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Employees whose insurance follows either the Manager's Plan or the Commissioner's Plan are eligible to enroll in the HDHP. The authorizing language is found in Minnesota Statute 43A.23 subdivision 1 (d):
Beginning January 1, 2010, the health insurance benefit plans offered in the commissioner's plan under section 43A.18, subdivision 2, and the managerial plan under section 43A.18, subdivision 3, must include an option for a health plan that is compatible with the definition of a high-deductible health plan in section 223 of the United States Internal Revenue Code.
Anyone enrolled in the High Deductible Health Plan is eligible for the state-sponsored HSA.
A person generally qualifies as a dependent for HSA purposes if you claim them as an exemption on your federal tax return.
An HSA is a special tax-preferred trust or custodial account established under IRS Code Section 223 that is used to pay for current and future medical expenses. The state-sponsored HSA works hand in hand with its High Deductible Health Plan (HDHP). An HSA works like an Individual Retirement Account (IRA), except that the money is used to pay health care costs. The money deposited into the HSA and earnings thereon are not taxable. The funds can be withdrawn from the account to cover qualified medical expenses tax-free. Unused balances roll over from year to year.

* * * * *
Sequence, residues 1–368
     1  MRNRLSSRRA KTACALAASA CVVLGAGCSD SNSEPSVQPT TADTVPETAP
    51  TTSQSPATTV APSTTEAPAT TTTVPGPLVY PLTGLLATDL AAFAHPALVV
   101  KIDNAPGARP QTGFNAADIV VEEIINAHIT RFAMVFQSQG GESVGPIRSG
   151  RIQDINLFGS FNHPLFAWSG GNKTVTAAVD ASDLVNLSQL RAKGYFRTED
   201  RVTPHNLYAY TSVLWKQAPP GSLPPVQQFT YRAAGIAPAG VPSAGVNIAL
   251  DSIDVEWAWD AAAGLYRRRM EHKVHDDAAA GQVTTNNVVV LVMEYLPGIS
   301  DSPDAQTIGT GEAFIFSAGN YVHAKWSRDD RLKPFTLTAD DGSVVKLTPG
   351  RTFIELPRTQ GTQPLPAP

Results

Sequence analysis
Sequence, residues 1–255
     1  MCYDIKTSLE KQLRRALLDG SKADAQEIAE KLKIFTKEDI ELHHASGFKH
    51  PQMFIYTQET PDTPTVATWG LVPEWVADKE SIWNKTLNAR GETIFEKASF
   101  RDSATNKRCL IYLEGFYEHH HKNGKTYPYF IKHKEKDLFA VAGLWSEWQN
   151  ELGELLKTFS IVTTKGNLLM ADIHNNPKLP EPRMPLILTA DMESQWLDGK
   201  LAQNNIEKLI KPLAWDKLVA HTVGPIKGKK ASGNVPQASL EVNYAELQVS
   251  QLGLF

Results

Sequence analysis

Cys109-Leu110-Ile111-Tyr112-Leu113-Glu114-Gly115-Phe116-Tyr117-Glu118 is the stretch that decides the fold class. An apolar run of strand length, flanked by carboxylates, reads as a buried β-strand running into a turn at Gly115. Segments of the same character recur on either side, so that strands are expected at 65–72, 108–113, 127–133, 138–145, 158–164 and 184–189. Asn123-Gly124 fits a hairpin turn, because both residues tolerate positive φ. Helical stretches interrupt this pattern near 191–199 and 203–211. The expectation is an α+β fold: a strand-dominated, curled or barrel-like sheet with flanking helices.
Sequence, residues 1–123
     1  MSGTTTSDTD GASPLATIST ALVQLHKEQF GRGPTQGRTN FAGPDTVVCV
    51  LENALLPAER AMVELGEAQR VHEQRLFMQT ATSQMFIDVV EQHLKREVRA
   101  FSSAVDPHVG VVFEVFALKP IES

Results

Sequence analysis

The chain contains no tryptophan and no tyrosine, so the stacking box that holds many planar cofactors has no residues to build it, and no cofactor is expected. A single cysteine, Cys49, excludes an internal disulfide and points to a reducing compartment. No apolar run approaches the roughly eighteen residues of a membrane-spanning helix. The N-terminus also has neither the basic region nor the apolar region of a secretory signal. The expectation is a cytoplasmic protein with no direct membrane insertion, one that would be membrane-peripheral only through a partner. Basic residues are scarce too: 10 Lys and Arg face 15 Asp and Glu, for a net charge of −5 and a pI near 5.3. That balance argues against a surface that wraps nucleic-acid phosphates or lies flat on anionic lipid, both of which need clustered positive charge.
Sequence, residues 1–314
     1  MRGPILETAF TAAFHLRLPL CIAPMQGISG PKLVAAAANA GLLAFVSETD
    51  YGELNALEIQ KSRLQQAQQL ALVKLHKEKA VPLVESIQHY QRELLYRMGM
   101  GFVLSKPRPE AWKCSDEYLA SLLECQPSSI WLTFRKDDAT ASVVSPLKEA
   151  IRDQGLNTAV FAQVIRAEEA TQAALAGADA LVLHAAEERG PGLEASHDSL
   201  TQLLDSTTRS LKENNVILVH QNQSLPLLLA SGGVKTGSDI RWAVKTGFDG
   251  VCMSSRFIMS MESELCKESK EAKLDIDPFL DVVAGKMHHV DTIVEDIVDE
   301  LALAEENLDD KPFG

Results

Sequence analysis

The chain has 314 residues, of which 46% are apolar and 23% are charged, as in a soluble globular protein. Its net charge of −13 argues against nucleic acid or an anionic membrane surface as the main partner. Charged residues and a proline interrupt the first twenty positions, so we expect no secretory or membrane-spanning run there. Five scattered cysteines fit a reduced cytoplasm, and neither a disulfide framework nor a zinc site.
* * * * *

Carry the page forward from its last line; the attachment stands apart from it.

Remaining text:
The money withdrawn is taxable and may be subject to a 20% penalty if you are under the age of 65.
Anyone may contribute to the HSA of an eligible individual. For example, if an employee establishes an HSA, either the employee or the employer can make contributions. Family members may also make contributions to the HSA on behalf of the family member the HSA belongs to as long as that family member is also an eligible individual.
The annual HSA contribution from you and your employer combined must not exceed the IRS limits of:Individual coverage
IRS limits may change on an annual basis to keep up with inflation.
The state will make monthly contributions to the HSA of up to:
State employees may also contribute to the HSA on a pre-tax, payroll-deducted basis. However, payroll-deducted contributions may only be directed to the financial institution designated by the health plan you have chosen to administer your HDHP.